“I don’t wanna go home”: a retrospective look at Family Week.

Today, we bring you another guest post from Brian and Steven
Bush-Frank. Brian and Steven, along with five year old son Darius,
consider themselves to be just your ordinary gay, foster-adoptive,
transracial American family. To visit their blog, click here. The
Bush-Frank Family attended Family Equality Council’s Family Week 2008.

“I don’t wanna go home, I don’t wanna! It’s boring there
and there’s nothing to do and there’s no beach! I wanna stay in
Ptown!” Unfortunately, that’s not my five year old son
complaining, that’s my forty eight year old partner. And I really
can’t complain because, frankly, I agree with him.

It’s the last night of Family Week and tomorrow we’ll get up
early and return home. It’s been a week filled with pleasures
both new and old. One of the most pleasant surprises of this
year’s Family Week was attending the workshop for Project
Harmony. Being a transracial family, we felt that one of us should
go to show support for this new Family Equality initiative,
although I didn’t go expecting to learn anything useful or
unique. Yet I spent my time at the workshop engaged with other
parents in an honest, direct, and informative conversation about
issues of color and our families. I also learned from other GLBTQ
parents whose perspective I hadn’t even considered, such as
parents in our community who are culturally Deaf. I now have high
hopes for Project Harmony, and look forward to seeing its progress
over the coming year.

And of course a recurring pleasure for us at Family Week has always
been attending the Dad’s Gathering. Now, don’t get me wrong:
lesbian moms are a very important part of our life as a gay family.
It was lesbian moms who first welcomed us as prospective parents,
lesbian moms who supported us through the long road to parenthood,
and lesbian moms who celebrated with us when we became parents at
last. Just this week, a group of loud and proud dykes befriended
our son on the beach and taught him to throw a football (something
that he’s certainly not going to learn from me!).

Yet for me, something magical happens when gay dads come together.
We’re much less numerous than other parents in our community, but
Family Week gives us the chance to spend time with each other, not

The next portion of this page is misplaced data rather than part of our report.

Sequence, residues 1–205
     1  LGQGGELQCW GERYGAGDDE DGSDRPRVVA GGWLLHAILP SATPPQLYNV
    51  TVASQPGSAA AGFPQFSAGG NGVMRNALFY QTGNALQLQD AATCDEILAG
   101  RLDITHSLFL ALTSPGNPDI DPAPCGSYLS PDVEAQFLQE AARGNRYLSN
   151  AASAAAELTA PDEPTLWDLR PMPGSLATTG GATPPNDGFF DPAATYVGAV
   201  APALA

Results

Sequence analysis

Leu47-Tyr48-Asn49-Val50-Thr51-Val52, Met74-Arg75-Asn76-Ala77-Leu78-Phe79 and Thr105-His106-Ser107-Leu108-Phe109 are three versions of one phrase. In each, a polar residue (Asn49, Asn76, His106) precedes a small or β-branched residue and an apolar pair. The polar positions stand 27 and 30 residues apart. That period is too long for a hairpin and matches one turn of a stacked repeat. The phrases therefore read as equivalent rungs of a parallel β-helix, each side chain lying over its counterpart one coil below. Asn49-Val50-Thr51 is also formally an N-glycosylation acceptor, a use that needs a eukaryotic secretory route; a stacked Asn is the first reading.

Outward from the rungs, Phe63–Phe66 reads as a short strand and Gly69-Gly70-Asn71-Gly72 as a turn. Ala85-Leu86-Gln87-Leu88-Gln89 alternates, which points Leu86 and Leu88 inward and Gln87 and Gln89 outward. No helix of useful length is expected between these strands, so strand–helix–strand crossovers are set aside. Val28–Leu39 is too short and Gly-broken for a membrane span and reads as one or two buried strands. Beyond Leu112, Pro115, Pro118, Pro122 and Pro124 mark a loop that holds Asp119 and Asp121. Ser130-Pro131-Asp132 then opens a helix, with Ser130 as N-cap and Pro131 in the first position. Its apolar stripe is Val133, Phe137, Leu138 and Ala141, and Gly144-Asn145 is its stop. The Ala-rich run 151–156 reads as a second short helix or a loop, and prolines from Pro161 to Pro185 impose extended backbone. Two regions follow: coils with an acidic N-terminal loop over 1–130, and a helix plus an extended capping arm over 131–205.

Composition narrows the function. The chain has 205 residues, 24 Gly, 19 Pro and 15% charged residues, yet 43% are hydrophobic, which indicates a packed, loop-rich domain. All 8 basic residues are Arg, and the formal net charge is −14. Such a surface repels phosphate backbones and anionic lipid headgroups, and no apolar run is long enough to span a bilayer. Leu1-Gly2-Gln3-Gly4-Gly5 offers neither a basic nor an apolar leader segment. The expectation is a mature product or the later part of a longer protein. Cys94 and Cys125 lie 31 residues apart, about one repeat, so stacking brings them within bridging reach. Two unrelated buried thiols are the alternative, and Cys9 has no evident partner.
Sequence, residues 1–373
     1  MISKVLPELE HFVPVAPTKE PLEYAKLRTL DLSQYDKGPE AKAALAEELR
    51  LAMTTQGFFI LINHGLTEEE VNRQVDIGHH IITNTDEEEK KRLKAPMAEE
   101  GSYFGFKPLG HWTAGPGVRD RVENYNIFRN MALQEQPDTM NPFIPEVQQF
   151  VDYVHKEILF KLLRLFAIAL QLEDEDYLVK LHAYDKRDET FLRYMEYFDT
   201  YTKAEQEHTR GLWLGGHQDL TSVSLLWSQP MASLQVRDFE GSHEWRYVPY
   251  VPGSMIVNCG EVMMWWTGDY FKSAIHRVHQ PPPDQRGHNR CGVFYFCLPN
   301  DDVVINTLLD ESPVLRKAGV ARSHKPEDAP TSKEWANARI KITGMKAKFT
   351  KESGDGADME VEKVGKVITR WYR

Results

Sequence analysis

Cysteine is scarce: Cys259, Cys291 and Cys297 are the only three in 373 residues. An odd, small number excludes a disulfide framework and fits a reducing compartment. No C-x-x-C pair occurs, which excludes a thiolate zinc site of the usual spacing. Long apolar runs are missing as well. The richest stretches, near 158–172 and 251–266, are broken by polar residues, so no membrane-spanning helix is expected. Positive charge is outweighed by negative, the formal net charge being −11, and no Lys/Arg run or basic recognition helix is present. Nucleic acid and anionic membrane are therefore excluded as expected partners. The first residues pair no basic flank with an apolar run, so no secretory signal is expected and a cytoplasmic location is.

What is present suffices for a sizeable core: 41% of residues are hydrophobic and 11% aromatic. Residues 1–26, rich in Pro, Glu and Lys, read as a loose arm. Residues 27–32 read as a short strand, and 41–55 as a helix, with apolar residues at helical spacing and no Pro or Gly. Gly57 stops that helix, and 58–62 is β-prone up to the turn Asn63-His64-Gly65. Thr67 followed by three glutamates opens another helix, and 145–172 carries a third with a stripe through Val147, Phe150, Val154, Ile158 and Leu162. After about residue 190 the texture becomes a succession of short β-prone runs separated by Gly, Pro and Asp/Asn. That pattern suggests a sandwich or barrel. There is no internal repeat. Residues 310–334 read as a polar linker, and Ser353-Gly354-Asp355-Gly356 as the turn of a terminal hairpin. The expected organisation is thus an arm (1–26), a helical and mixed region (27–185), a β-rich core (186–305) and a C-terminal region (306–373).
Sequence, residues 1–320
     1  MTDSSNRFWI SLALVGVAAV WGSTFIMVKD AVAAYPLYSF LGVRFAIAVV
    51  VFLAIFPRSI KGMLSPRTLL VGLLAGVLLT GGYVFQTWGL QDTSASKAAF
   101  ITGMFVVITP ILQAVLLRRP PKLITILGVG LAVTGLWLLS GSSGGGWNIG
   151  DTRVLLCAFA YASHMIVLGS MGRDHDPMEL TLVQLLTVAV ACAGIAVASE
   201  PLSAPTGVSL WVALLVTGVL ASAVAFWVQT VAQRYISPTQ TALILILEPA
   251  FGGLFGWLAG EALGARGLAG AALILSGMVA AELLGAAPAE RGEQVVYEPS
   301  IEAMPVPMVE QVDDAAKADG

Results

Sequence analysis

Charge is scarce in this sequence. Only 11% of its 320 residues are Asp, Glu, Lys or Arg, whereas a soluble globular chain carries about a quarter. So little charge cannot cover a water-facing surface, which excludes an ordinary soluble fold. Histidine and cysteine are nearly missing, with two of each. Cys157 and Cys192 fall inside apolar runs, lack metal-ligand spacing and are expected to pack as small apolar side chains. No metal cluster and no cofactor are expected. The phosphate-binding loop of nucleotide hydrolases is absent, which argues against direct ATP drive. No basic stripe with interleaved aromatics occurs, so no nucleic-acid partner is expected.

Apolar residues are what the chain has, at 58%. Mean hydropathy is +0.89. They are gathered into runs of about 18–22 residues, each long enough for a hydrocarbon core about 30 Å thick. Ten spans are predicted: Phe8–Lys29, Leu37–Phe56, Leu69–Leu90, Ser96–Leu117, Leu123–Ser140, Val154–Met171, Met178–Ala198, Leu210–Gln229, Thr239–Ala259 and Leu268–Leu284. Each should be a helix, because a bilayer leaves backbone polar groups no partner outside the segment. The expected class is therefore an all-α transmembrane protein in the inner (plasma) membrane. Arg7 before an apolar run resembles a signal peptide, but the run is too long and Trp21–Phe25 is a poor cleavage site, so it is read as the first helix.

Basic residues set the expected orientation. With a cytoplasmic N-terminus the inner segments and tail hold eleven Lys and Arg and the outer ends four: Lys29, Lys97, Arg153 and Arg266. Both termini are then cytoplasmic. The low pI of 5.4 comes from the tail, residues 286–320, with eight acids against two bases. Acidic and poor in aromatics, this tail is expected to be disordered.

only at the formal gathering but throughout the week, in ways big
and small. We still have much to learn from lesbian moms about
building community, but we also hold in our hands a unique
opportunity. We have the chance to found a new culture of
fatherhood and a new way to be men. Just as gay men once created a
new culture and a new way to connect with each other based on
sexual freedom and expression, we have the chance to create another
new culture based on still different ways to connect with each
other: the shared bonds of fatherhood and the chance to raise our
sons as better men and our daughters as better women. We have the
chance to be fathers who are both strong and loving, who are fully
involved in the lives of our children, and who set a high standard
for our sons to follow and for our daughters to expect from

I don’t yet know the shape of this new culture. But the more time
I spend with other gay dads, the more I listen to their thoughts
and their ideas, the clearer it becomes to me. So I don’t have a
grand vision or manifesto of gay fatherhood to proclaim. Yet I feel
in my heart, gathering with other gay dads at Family Week, that I
am standing at the birth of something new and wonderful.

Fortunately, I won’t have to wait another year to meet again with
other gay dads – and other GLBTQ parents – and feel a healthy
dose of gay family pride. If you’re able, please come and join us
and other families from around New York State and beyond at the
and Joy Families Weekend Conference
in Utica in April 2009.
COLAGE will be there, Family Equality’s own Jennifer Chrisler
will be a keynote speaker, and it promises to be an exciting and
affirming weekend. And the Bush-Frank family will see you at Family
Week next summer in Provincetown!